Ever Wanted to Write Your Own Great American Novel?

It is the great American dream - to write your own novel and see it in print. Better than that, to see it listed on the New York Bestseller List!

It is estimated that one in 1,000 manuscripts written will get published.  And of those, a minuscule number will hit the best seller list.

But that's no reason not to try.  If that story lives within you, as it did within me since I was 7 years old, it absolutely must find its way out of the darkness and into the light.

My best advice - with persistence and hard work, you can beat the odds!

Here's how you do it.  Step One:  Begin.

Yup, simple as that ... make a appointment with yourself, plant yourself down into a chair, and just begin.

That may sound trite, and perhaps a little simplistic, but whoever writes a story without just beginning?

Writers have an innate instinct about the stories that live inside them.  At this point, don't even worry if it would sound good to an editor.  Just get a notepad, or clear your desk before the computer, and BEGIN.

But you say, I have no formal training; I've not attended any creative writing courses.  Let me assure you, your voice is still there.  It just needs a little coaxing and encouragement to come out. That's why I say ... just BEGIN.

When Jane Austen was a young woman, her head was filled with stories that begged to be penned, expressions that lived deep within that demanded they be shared.

So it is with most writers. With little or no formal training, Jane Austen wrote the great classics of Sense & Sensibility, Pride & Prejudice, Mansfield Park, and Emma.  Though her life only lasted 42 years before her voice was silenced, the point is ... at some point, she made the decision to sit down and BEGIN.

Nowadays one needs to perhaps learn more than Miss Austen did in her century. The mechanics of writing a story have evolved tremendously since even several decades ago. To write a sell-able story, a great deal of study, reading and research are expected.

You must learn everything from how to Plot, to how to build interesting and consistent Characters, how to maintain proper Point-Of-View for each of your characters, and describe Settings that will draw your reader right into the page.

How Can You Learn to Write?

There is an endless supply of books, websites, and seminars available to teach all aspects of writing.  Enough that your brain will become frazzled selecting just one or two or three to study.

If you intend to write fiction, decide first what aspect of fiction writing you would like to learn more about. Wanting to learn how to develop and structure a scene for a short story?  Learn to develop impressionable characters for a long story such as a novelette or novel? Or how to write believable dialogue?

First, chart out in order of importance to you the subjects you most want to learn about. Then purchase a good book dedicated to just that subject.  Study it thoroughly (I scribble notes in the margins - my study books could never be re-sold!), and then apply what you are learning to what you are writing.

I might add this note of caution ... don't buy a book or a CD or a course on writing just because it is on sale, or because you know it is something you will eventually need to know. Instead, be selective - you have already decided what should come first and therefore is most important to your learning process now.  Stick to your list.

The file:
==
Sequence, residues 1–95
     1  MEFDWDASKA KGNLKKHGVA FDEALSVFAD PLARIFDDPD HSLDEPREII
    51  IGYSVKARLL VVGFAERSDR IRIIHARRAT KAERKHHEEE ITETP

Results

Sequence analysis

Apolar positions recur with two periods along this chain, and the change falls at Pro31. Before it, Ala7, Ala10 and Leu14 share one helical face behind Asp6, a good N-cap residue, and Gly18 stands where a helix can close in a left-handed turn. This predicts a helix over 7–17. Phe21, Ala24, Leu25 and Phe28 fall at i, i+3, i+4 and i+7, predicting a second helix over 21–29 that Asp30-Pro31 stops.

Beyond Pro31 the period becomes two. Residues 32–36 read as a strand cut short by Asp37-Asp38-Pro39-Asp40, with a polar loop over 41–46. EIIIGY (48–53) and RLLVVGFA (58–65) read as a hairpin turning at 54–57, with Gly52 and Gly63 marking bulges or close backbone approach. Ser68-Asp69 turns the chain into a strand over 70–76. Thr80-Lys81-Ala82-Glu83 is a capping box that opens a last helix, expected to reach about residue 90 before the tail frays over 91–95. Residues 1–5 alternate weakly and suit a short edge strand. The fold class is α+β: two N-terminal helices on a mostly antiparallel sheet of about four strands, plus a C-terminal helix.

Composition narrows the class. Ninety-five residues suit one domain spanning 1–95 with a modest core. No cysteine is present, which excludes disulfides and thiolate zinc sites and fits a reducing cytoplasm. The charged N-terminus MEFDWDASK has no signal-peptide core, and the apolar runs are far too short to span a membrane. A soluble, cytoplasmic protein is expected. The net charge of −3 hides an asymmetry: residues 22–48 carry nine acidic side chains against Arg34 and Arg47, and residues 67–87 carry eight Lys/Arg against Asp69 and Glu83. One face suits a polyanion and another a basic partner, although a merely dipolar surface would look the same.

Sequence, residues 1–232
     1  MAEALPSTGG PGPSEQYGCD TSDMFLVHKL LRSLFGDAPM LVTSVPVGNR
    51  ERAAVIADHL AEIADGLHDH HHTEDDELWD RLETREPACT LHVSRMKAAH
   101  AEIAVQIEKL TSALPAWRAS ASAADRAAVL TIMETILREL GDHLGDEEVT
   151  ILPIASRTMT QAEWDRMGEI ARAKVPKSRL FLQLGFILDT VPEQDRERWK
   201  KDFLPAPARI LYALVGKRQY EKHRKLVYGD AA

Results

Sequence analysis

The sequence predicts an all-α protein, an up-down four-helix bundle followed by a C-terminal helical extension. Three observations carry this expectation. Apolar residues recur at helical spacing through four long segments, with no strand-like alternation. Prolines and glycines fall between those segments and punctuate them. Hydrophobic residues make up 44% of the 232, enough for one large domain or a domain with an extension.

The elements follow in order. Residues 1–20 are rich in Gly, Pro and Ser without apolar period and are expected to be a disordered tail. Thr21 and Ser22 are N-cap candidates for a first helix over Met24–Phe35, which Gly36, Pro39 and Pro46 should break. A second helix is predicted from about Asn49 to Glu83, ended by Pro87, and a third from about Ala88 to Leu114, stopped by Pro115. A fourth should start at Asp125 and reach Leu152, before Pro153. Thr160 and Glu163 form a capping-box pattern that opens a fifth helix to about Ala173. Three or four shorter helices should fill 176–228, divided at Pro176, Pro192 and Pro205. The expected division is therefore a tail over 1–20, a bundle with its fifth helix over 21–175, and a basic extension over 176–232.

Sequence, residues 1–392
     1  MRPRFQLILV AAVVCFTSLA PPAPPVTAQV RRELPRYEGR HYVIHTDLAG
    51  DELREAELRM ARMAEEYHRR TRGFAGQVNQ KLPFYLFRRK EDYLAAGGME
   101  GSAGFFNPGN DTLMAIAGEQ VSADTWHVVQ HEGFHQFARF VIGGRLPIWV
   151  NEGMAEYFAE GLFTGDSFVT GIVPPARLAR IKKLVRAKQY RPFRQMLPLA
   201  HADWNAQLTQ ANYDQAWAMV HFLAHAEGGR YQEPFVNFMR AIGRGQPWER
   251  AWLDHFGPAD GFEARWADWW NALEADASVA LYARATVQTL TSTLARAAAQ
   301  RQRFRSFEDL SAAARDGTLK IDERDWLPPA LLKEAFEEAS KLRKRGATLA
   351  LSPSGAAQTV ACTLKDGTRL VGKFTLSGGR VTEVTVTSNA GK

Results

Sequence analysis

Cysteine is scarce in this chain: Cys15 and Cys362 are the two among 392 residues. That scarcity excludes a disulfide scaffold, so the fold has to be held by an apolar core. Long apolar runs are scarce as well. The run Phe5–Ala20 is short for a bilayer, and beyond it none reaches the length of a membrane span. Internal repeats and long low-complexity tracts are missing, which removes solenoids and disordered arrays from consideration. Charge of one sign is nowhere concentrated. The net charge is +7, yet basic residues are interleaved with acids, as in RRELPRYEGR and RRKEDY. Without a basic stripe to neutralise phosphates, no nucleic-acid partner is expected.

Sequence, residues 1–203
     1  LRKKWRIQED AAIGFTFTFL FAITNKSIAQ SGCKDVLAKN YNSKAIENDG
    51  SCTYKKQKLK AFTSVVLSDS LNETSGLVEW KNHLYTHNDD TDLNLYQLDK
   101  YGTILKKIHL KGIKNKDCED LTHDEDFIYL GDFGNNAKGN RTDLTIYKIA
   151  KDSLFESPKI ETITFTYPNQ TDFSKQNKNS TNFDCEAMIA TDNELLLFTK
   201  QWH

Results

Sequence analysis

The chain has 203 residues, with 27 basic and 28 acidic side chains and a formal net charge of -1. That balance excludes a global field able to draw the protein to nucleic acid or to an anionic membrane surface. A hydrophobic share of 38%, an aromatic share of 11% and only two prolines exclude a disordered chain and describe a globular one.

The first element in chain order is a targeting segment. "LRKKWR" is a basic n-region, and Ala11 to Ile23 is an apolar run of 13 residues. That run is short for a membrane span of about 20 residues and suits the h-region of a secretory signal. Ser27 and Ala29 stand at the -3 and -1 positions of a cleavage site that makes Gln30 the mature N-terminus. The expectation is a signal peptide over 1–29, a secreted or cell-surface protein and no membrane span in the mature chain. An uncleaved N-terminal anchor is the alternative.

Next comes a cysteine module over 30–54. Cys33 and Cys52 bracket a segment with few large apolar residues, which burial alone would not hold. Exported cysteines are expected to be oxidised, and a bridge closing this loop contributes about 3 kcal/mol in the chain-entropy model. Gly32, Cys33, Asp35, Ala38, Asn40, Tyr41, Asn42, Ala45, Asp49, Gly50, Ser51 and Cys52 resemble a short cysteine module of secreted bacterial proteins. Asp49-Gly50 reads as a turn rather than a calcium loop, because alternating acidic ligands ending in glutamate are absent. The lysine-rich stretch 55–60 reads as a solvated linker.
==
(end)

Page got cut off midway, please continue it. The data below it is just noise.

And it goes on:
As you study your new book, don't skim or hurry through. Take time to study it thoroughly. Then apply what you have just learned to what you have begun to write. By so doing, the habit and practice will become ingrained.

Second, read other people's work.  Read the work of contemporary novelists, read the classics, read books within your genre of interest, but also expand it.  And not just read, but study their work.

What do you particularly like about the way they have written their story?  Notice their opening pages, how they hooked you the reader and pulled right you in. Or not!

Were their characters memorable?  Did you sympathize with the plight of the hero or another in particular? Or come to vehemently despise the villain?  Note how the author accomplished building that feeling in you.

Did the cliffhanger at the end of each chapter make you want to read on?  Can you apply that same method at the end of the chapters you are now writing?

Thirdly, and crucial to your development as a writer - network with other writers.  This advice is similar to #2 above, which is sharing in the mindset of other writers, listening to how they accomplished what they have.

Join a writer's or critique group.  Do a Google search and see what is available in your area. (If you can't attend one personally, there are always online groups.)  Even if all you do when you attend is listen, you're still networking.

And then, if you can, attend a writer's conference or two each year. The instruction and encouragement you receive while there from other writers will prove to be invaluable to your confidence and development.

Admittedly, taking this route to writing your novel -  writing every day, reading others' works when you can, and studying and applying the various different practices of effective writing - may take you longer to turn out your novel. Because each new step you learn could very well call for a whole new critique with edits of your story.

But the more you fill your mind with what works and what doesn't, the closer you will come to finishing your Great American Novel.  And submitting it for publication.

So ... today, why not plant yourself in a chair, be determined to have fun - and just BEGIN!

Here is wishing you hours full of learning and productive writing!

Susie Schade-Brewer

Email:  Susie@Rural-Woman.com

@ruralgals - follow me on Twitter